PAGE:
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Under the PCMH delivery model, primary care physicians (PCP) provide comprehensive care for patients in a setting that facilitates partnerships between patients, their personal physicians and their families. The structure employs a pay for process/ pay for performance model in replace of the traditional fee- for-service tied to episodic care.
The model, which has already been implemented in several Centers for Medicare and Medicaid Services (CMS) pilots as well as in the United States military, monitors patient- health status and follow up to keep healthy patients well and patients with chronic conditions compliant to help prevent serious, and often costly, complications.
Highmark’s two-year pilot program aims at helping coordinate physician care by supplying and financing a care coordinator to ensure consistency across 13 physician practices throughout Western and Central Pennsylvania and West Virginia, covering 29 locations, 160 physicians and 45,000 members.
The coordinator will help ensure certain patients have access to disease management programs and expert resources, including the integration of a homecare component, so that patients needing chronic care can avoid excessive office visits, but still correctly take meds and schedule necessary follow-up appointments.
Knowing that chronic health conditions are money drainers for any insurer, Highmark will promote preventive or wellness care by alerting patients to schedule annual physicals, getting recommended age-appropriate screenings and providing weight maintenance.
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“It’s every bit as important for the invincible 22 year-old male to have a check up as it is to make sure the 50 year-old gets a colonoscopy,” says Dr. Mary Goessler, Highmark’s medical director of quality management.
Improved outcomes improve quality and reduce costs
According to Goessler, adoption of the model will help reduce medical errors, the duplication of medical tests, and drug interactions as well as visits to the emergency room, hospital admissions and the length of hospital stays—occurrences that complicate care and also spike costs.
A 2010 report authored by Dr. Kevin Grumbach, a professor at the University of California in San Francisco, and Dr. Paul Grundy, director of health care transformation at IBM and president of the Patient Centered Primary Care Collaborative (PCPCC) , reiterated that investing in primary care patient centered medical homes result in improved quality of care and reductions in expensive hospital and emergency department utilization.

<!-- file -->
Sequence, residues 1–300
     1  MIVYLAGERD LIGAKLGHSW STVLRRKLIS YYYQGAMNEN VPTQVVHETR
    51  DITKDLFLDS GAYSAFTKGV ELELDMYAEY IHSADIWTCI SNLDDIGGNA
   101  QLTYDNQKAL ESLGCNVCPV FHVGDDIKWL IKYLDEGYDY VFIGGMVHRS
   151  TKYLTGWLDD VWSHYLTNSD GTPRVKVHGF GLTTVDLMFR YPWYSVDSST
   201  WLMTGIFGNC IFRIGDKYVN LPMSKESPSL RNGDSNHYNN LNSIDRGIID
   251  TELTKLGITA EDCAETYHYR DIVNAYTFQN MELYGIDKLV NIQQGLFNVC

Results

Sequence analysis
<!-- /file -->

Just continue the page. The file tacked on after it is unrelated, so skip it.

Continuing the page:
Reducing medical costs is a win-win: health insurance companies pass on costs to consumers, so when costs are being cut at the ground level and wellness and prevention become a focus consumers should expect savings.
The investment also “bends the cost curve” with several major evaluations showing that PCMH initiatives have produced a net savings in total health-care expenditures for PCMH patients.
BlueCross Blue Shield PCMHs in South Carolina reported a 10.4% reduction in inpatient hospital days per 1,000 enrollees per year among patients and 12.4% drop in ER department visits per 1,000 enrollees per month.
In North Dakota BlueCross Blue Shield PCMHs, tell a similar story. According to Grumbach and Grundy, in 2005 total costs per member per year were $530 lower than expected in the intervention group based on historical trends. Between 2005 and 2003, total annual expenditures per patient increased to $7,433 from $5,561 compared with a much larger increase among control patients, $10,108 in 2005 from $5,868 in 2003.
Physicians who follow the PCMH model receive financial incentives. Currently, these incentives trend between $6 and $10 per member, according to Grundy.
According to Goessler, Highmark assigns points to different aspects of the PCMH plan to compare how different practices are evolving over time and how they compare to others across the country.
“In a fee-for service world physicians get paid for doing things but they don’t get paid for doing them well,” says Dr. Bill Bird, family physician Penn State West Hershey Med Center which is participating in the Highmark pilot.
How practices use the bonuses varies; in Bird’ practice, bonus money is sunk back into the practice. About a year ago, when the practice received some state funding for following care management practices the group hired its fourth diabetic educator.
While there’s not a lot of dollars on the table right now, there is enough to get the systems started. “There has to be enough money on the table or we’ll build a great model but have no primary care physicians to go into it,’ says Bird.
Bird says that academic medical centers like those affiliated with Penn State are building these parameters into physician incentives. Additionally, universities like Duke are training medical students and residents to participate in interprofessional teams, according to Lloyd Michener, professor and chairman of the department of community and family practice at Duke.
Bird and Michener agree that the PCMH design may not be as well-suited for the solo physician or small private practice. The country is heading toward accountable care organizations comprising large, integrated multispecialty groups.
“Given extra resources, we’ll be able to do a better job for our patients and show cost savings,” says Bird.